They hold the baby up and over the blue curtain, still tethered by her blue chord, so the cheese wheel can take her first look at her mom and dad. Dad immediately melts into a pool of love and delirium on the operating room floor, requiring a nurse's assistant to gather him up in a glass vial and reform him. The top half of mom bangs away on the table with shivers so severe that any inhabiting spirits are accidentally exorcised away,  and she speaks her first word in the brand new world that she shares with her dinner-plate-faced daughter:  "ICE CHIP?" 

Then the baby is whisked away into a corner, dad scoots off to stick his pointer finger into her small, outstretched hand, and observe the warming and drying proceedings. Mom turns her face towards the doula, Roxy, repeats these words: "ICE CHIP?"- then heaves, gags, and begins to vomit.  

From inside her nest of towels and syringe bulbs and glinting silver instruments, at the center of a still-swarming team of baby professionals, the cheese wheel remains quiet, blinks her gigantic blue eyes, and adopts an expression of utter bemusement. 

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The first trimester : an insane trick of the brain

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Just the other day I saw an image of a Southeastern landscape in mid-winter. Absent was the refreshing tang of snow, there was only a snarl of bare tree limbs against an equally bare grey sky, dead grass the color of straw covering the ground. Seeing it brought a rush of nausea starting in the center of my body, where my core used to be, and rushing up through the top of my head. I looked away. The sight of bare trees makes me sick. 

I was about six weeks pregnant when the nausea set in. It was early February. We'd survived the women's march in DC, and the inauguration. The four pound creature who flails around inside me all day long and hosts nightly basketball tournaments for herself, the yet to be born mystery girl we now call Ollie, was then just the size of a gnat. 

I'd been feeling fine since learning she was on her way- better than fine, actually, as my very first pregnancy symptom was a complete lack of the cyclical chronic body pain I'd experienced for the past 18 months. I'd completely deluded myself into thinking that I'd skirt pass the first trimester without a drop of morning sickness or an ounce of fatigue. After all, what could pregnancy dole out that Lyme hadn't already punished me with? With my extensive understanding of bone broth and selenium, etc, who on earth was better nourished than I? A number of the wholistic pregnancy and preconception books I'd read thoroughly had all but assured me that women who follow a specific regiment of diet and supplements will entirely avoid the uncomfortable symptoms of pregnancy- even the pain of labor. This is because natural, tapped-in women (like me) are just a littlest bit wiser, healthier, and overall better than everyone else.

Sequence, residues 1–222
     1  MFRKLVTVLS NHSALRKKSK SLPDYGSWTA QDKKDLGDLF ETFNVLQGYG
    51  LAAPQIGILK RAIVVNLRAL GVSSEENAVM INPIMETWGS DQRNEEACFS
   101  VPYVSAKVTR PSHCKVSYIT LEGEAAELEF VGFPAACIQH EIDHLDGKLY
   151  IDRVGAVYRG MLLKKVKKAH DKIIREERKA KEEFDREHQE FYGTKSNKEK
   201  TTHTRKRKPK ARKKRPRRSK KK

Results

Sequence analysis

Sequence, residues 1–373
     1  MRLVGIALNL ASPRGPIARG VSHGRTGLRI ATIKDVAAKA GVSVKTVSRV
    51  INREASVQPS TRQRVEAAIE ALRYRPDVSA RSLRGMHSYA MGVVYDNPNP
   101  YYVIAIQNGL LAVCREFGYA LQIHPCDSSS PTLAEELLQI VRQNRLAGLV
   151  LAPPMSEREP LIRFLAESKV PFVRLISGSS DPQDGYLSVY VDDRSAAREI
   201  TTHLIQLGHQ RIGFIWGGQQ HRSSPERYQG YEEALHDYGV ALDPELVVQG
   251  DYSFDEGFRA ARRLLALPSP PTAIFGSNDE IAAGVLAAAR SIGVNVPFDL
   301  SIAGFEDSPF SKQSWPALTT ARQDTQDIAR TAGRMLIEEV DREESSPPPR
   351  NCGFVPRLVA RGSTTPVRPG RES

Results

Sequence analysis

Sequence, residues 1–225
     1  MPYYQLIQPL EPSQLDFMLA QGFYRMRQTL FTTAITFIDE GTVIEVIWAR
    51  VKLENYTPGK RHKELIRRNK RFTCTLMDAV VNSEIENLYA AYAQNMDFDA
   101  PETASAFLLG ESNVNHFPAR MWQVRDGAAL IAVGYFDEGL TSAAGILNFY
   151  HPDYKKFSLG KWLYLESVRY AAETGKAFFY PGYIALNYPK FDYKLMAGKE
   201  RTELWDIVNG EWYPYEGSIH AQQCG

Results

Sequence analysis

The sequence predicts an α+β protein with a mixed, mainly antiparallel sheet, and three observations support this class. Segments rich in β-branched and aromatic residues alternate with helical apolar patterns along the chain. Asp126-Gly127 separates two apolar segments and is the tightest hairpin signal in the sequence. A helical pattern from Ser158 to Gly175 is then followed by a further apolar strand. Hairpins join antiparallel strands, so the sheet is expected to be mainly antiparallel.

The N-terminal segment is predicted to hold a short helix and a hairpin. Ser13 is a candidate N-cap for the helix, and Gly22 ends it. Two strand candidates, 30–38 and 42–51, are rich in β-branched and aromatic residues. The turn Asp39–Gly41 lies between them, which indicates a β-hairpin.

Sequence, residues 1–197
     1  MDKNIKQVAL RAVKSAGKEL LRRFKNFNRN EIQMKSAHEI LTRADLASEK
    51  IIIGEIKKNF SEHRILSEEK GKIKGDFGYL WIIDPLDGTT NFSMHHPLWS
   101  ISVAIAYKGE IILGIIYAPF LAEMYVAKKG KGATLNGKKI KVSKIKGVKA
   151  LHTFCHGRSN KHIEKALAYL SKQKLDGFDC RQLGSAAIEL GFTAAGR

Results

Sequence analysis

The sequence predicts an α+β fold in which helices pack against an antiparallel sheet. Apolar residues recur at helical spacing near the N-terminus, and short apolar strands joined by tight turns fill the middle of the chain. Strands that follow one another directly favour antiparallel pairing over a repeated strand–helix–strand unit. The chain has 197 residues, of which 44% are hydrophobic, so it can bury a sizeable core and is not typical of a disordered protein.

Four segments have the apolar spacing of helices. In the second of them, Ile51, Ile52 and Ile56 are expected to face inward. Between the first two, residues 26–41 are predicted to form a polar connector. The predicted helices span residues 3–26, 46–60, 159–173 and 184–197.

Lies! 

The sickness hit at 6 weeks, just like normal, and lasted till week 12. Just six weeks, but in first-trimester adjusted time that equals about 25 months. Time slowed down, time began to crawl, some evenings around 7pm time came to a revolting stop all together. It was a sickness that I'd never experienced, an all consuming nausea coupled with a hunger that I could only describe, at the time, as desperate.

This may have been exacerbated by the fact that I began the endeavor about 15 pounds beneath my ideal body weight. Maybe not, maybe that's just how it is. I have nothing to compare it with. All I know is that every day was a battle against the mind-blowing nausea that could only be cured by eating copious amounts of one thing- one specific thing and that thing only.

Figuring out that acceptable food and where to find it was like playing unsettling game of slots. In my imagination I'd pull the lever and watch as the spinning icons arranged themselves: Italian food? No, spin it again. Sandwich? No- GOD no. Chicken? I'm going to throw up, I can feel the contents in my stomach start to rise, I have to figure this out- soup? Yes- Yes that's it! What kind of soup? Minestrone? NO! Pho? Yes! From where? Wild Ginger? NO! The tea house up the street- that's it! 

Then I'd grab my jacket and a book and drive as fast as safety would permit to the tea house, where I'd place a hand firmly over my mouth and try not to look desperate or deranged as I waited for the soup to arrive in front of me on the table, neatly arranged next to the iced tea and the side plate of lime slices.